March for Life: 50 Years of the First Amendment in Action
The March for Life, an annual protest by people, communities and organizations opposing abortion, celebrates its 50th anniversary on January 20, 2023. But something is different this year. This is the first march following Dobbs v. Jackson (2022), in which the Supreme Court overturned Roe v. Wade and said there is no constitutional right to abortion access. This was a landmark victory for the anti-abortion movement, but by no means indicates the end of the fight over abortion.
Roe may be gone, but no one on either side of this issue is laying down their protest signs — and religion can be found throughout. From the profoundly devout to lifelong atheists, people of all faiths and none are out on the streets exercising their First Amendment right to express their deepest beliefs and petition for policy changes on this divisive issue.
The common narrative about religion and abortion says that opponents of abortion access are religious, while advocates of abortion access are not religious. But this does not hold true to life. This binary is tired, historically inaccurate and counterproductive in the pursuit of a grounded conversation about reproductive rights.
People of faith and nonbelievers sit along the spectrum of the issue of abortion, a reality clearly illustrated by the March for Life itself.
The March for Life was founded by Nellie Gray, a Roman Catholic lawyer who partnered with the Knights of Columbus to host the inaugural protest on the first anniversary of Roe v. Wade. Ever since, many Catholic officials have been steady supporters of the March for Life, such as Bishop Michael F. Burbidge of Arlington, Va. For some Catholics, to assemble and protest against abortion access is considered an exercise of their faith. In a statement at the 2022 March for Life, Burbidge reflected on this civic exercise, proclaiming, “As followers of Christ, we march peacefully each year in our nation's capital to give witness to these truths [the sacredness of the unborn] to a nation in which many in public office and others throughout our communities continue to reject them.”
But Catholics do not speak with one voice. For example, Catholics for Choice, a Washington, D.C. nonprofit dedicated to amplifying pro-choice Catholic voices, took the 2022 March for Life as an opportunity to exercise their members’ own right to petition. The night before the march, Catholics for Choice held a counterprotest outside of the Basilica of the National Shrine of Immaculate Conception, the largest Catholic church in the U.S., by projecting messages such as “Pro-choice Catholics you are not alone” on the outer walls of the building. President Jamie Manson said, “[T]he so-called ‘March for Life’ does not speak for me. I support abortion access because my Catholic faith teaches that healthcare is a human right and that includes abortion.” In this case, to assemble and protest in favor of abortion access was an exercise of faith.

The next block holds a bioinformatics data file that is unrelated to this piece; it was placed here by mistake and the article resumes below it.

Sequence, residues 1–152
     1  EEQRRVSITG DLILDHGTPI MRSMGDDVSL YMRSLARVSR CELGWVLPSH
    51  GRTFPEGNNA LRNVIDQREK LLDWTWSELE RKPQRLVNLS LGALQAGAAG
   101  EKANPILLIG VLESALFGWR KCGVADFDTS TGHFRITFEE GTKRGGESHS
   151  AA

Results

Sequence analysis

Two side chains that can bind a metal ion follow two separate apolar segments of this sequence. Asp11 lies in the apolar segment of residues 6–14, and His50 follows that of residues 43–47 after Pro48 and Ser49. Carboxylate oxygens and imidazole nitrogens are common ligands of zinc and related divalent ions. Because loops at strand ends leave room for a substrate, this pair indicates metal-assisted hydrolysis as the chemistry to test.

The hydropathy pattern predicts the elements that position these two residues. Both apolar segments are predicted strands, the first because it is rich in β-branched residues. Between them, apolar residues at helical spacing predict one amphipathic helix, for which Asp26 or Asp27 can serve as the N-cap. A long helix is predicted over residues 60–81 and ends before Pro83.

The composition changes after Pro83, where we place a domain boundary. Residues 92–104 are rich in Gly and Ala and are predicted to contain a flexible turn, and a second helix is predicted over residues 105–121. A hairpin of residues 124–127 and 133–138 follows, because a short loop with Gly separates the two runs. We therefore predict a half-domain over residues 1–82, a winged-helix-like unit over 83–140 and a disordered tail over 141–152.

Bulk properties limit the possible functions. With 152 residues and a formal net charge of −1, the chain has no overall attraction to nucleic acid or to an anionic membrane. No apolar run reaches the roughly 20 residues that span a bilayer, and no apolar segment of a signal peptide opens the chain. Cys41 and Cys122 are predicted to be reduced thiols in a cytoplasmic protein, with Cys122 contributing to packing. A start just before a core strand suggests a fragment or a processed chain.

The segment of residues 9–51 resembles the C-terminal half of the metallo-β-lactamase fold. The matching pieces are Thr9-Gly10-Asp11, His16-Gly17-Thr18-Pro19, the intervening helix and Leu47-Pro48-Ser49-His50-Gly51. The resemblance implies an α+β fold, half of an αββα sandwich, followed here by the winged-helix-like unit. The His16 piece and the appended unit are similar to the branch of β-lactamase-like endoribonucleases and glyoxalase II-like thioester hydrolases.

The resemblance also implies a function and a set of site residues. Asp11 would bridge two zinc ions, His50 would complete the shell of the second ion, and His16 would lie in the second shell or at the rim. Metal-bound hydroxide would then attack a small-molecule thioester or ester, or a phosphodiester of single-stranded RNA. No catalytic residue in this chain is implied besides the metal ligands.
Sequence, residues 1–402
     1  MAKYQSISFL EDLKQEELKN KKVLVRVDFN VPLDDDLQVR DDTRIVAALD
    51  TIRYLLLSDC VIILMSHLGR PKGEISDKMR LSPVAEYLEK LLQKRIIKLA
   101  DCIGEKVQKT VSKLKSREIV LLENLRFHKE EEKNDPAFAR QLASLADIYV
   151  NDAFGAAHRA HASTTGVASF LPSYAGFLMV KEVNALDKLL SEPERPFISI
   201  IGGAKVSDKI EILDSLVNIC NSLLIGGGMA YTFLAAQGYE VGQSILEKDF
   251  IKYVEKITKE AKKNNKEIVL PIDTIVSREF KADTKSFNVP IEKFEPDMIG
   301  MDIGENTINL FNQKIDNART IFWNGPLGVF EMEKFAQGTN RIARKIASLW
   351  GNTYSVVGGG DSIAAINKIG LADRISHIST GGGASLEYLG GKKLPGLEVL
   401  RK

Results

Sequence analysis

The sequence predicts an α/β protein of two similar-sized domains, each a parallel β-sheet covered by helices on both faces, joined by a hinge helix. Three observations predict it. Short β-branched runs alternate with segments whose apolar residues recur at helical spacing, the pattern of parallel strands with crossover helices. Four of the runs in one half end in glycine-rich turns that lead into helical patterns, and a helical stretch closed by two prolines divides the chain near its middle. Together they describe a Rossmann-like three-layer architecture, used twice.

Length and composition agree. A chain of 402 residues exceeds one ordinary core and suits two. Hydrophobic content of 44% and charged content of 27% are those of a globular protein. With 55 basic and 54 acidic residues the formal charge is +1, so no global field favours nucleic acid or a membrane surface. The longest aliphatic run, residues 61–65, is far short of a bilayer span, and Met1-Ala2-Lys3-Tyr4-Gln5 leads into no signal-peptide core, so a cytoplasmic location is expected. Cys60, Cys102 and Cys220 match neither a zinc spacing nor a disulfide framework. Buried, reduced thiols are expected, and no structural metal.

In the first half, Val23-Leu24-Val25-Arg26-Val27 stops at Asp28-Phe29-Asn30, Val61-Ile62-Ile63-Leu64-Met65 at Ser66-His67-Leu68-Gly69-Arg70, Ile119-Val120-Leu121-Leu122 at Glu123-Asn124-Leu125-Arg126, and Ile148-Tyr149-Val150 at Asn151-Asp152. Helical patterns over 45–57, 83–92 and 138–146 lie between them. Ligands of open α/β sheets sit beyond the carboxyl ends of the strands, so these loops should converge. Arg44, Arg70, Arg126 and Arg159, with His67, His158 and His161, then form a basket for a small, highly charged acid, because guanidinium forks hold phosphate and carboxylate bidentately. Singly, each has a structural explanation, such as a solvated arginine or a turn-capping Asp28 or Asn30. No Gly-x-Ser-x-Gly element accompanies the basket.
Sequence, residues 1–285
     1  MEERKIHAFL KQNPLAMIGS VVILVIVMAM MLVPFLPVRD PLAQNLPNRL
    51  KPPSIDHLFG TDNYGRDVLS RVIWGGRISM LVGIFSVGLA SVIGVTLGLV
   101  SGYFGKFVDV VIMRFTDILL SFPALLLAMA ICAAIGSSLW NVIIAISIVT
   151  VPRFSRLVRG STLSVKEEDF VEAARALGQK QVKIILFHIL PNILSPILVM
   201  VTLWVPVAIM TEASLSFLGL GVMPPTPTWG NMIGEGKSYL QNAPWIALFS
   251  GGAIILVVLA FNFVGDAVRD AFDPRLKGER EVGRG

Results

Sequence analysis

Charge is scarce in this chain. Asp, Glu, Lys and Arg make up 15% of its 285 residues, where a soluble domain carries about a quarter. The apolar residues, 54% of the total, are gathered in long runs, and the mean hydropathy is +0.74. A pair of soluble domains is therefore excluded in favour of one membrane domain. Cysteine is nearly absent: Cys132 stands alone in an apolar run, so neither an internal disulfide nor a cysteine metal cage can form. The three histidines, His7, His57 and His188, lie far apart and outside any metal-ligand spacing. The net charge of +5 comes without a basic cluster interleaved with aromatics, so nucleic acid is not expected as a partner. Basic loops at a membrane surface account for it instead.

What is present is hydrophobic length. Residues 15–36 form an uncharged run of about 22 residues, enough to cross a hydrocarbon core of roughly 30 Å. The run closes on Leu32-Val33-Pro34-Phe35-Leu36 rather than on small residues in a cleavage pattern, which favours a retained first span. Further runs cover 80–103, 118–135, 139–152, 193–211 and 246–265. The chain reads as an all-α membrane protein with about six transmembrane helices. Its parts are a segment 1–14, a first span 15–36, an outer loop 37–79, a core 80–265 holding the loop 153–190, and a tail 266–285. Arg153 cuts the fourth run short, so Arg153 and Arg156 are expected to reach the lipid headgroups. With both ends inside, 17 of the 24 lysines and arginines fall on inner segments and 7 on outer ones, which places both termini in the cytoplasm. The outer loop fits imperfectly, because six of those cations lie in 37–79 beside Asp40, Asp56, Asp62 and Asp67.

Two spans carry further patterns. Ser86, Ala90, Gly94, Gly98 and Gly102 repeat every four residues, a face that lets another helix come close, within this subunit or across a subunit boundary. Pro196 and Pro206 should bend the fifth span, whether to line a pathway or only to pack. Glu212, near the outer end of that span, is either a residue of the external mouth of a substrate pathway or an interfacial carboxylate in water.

To see two devout Catholics on opposite sides of the abortion issue may seem contradictory to some, but this is lived religion. The diversity within the Catholic community is one example of the broad range of views on abortion access within many traditions.
Similarly, all religiously unaffiliated Americans — the majority of whom lean politically liberal — are often assumed to support abortion access. While there are many self-identified secular organizations that advocate for abortion access, not all religious “nones” align on this issue. Organizations such as Secular Pro-Life dedicate their efforts to “advance secular arguments against abortion.” Secular Pro-Life is a quickly growing organization and a regular attendee of the March for Life. Its leadership team are all self-proclaimed “pro-life atheists.” For these advocates, to protest abortion access is not an exercise of religion, but it is an exercise of deeply held morals and beliefs.
Religion does not – and will never – fit into a neat binary. The internal diversity within all communities, religious and otherwise, always defies oversimplified assumptions. You cannot assume what someone’s views on abortion are just based on their religious identity. It takes a conversation to understand what someone believes and why. And as abortion climbs the list of issues most important to Americans, these conversations become even more important.
The future of this post-Roe landscape is unknown, but what is clear is that no matter your religious identity or views, we all have the opportunity to participate in public conversation through protest and assembly.
Hannah Santos is religious freedom program coordinator at the Freedom Forum.
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